The present disclosure is related to the following commonly-assigned now abandoned U.S. Patent Applications: No. 60/384,663, filed May 31, 2002, entitled “Method and Apparatus for Display Image Adjustment”; and 60/463,759, filed Apr. 17, 2003, entitled “Method and Apparatus for Display Image Adjustment”. The respective disclosures of these applications are incorporated herein by reference for all purposes.
The present invention relates generally to image generation and in particular to systems and methods for compensating output luminosity of an image on a pixel-by-pixel basis.
The appearance of an image displayed by a display device (e.g., a monitor or projection system) depends in part on environmental factors not inherent in the image generation system or the display device. For example, consider an image projected onto a screen by a projector. If the optical axis of the projector is not normal to the screen, the shape and brightness of resulting image will typically be distorted because one edge of the image is farther from the projector than the other: the image may be trapezoidal instead of rectangular, and areas of the image farther from the projector may be dimmer than areas closer to the projector. Such distortions commonly occur with tabletop projectors, where precise alignment with a screen is difficult to achieve.
As another example, ambient lighting can also affect the appearance of a displayed image. As is generally known, visibility of the displayed image is improved by increasing the brightness of the display device when the ambient lighting is strong and decreasing the brightness when the ambient lighting is dim. Many display devices provide a brightness control for making such adjustments. Ambient lighting, however, is not necessarily uniform over a surface on which the image is to be displayed. For example, a light source placed to one side of a display surface (e.g., monitor or screen) will illuminate one side of the surface more than the other. As another example, the ambient light may be partially occluded, creating shadows on part of the display surface. In such situations, portions of the image displayed on more dimly lit portions of the display surface generally appear to be brighter than other portions of the image. A standard brightness control does not address such nonuniformity, and changing the ambient lighting to uniformly illuminate the display device is not always practical.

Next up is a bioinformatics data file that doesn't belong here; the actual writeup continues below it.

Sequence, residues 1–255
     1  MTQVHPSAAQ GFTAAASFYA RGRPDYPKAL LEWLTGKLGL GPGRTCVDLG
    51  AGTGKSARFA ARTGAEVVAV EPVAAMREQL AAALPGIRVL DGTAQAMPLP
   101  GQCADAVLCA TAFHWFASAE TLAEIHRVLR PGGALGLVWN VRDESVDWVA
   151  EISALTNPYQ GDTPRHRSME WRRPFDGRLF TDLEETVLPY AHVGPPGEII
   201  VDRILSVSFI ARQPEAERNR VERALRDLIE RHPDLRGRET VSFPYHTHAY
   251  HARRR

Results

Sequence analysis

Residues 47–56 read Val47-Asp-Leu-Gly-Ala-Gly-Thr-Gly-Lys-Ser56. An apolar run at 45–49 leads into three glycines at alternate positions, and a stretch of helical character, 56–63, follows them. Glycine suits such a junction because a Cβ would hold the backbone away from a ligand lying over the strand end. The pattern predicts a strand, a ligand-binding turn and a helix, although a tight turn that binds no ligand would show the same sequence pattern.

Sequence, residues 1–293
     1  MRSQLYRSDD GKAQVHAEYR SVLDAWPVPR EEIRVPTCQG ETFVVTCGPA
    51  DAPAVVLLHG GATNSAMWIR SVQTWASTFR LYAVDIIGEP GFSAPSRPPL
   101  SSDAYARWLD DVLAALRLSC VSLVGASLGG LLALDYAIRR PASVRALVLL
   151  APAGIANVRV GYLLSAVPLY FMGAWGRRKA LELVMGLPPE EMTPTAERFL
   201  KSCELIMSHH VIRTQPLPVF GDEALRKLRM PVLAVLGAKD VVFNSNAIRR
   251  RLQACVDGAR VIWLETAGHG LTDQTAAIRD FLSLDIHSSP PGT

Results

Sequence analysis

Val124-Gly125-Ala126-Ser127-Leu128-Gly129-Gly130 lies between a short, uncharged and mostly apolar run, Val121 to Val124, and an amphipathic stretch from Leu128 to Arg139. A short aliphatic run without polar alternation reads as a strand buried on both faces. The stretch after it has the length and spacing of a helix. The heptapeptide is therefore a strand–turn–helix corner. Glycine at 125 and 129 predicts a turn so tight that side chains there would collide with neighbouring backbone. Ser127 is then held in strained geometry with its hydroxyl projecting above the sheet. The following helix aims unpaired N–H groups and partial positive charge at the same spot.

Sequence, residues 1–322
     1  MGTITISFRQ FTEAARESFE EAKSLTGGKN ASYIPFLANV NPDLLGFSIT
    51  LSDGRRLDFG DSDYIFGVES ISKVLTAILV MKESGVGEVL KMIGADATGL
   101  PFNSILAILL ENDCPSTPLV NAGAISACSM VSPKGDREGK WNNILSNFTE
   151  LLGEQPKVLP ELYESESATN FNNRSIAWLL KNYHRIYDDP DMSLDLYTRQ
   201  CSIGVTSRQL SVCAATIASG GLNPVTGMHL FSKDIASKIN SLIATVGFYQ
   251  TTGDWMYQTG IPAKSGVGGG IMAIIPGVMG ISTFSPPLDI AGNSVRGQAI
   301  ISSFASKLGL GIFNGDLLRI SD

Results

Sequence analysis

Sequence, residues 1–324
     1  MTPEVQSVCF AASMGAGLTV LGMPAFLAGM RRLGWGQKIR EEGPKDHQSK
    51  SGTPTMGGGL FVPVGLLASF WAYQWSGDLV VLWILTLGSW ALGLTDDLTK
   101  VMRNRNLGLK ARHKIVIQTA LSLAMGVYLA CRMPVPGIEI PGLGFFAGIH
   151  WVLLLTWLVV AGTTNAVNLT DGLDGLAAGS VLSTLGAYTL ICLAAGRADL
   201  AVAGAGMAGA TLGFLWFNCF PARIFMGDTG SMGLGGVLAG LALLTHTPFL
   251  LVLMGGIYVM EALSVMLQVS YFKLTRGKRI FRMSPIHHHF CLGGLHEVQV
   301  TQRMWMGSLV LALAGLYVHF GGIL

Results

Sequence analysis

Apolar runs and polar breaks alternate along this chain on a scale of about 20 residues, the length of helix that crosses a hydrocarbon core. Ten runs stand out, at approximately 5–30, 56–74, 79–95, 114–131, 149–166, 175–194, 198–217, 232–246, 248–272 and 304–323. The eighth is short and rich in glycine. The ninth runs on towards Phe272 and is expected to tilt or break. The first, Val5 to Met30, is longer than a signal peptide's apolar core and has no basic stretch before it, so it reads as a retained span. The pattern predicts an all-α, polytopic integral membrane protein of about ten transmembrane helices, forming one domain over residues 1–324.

Various techniques have been developed for addressing problems of nonuniform illumination. For instance, some existing projectors are equipped with corrective optics that can be used to equalize the effective optical path lengths of light directed at different areas of the screen and/or filters that can be inserted into the optical path to change the relative brightness of different sections of the displayed image. Such corrective optics, however, add considerably to the cost of the projector and are generally effective over only a limited range of misalignment angles. Some monitors also provide intensity adjustments to the analog signal, e.g., on a per-scanline basis. For instance, in a CRT monitor, the intensity of an electron beam can be modulated per scanline to reduce nonuniformity. This generally requires additional control circuits that increase complexity and cost of the devices.
It would therefore be desirable to correct the brightness of an image to account for nonuniformities in the display device and/or environmental factors in an economical and flexible manner.
Embodiments of the present invention provide a per-pixel luminosity adjustment using a luminosity mask applied as a texture. According to one aspect of the invention, a method for generating pixel data for an image is provided. A luminosity texture having luminosity texels is defined. Pixel data of an underlying image is converted to an image texture having image texels. The image texture is blended onto a target surface having a shape. The luminosity texture is also blended onto the target surface, thereby generating luminosity compensated pixel data for the image. The luminosity compensated pixel data may be stored in a frame buffer and/or provided to a display device.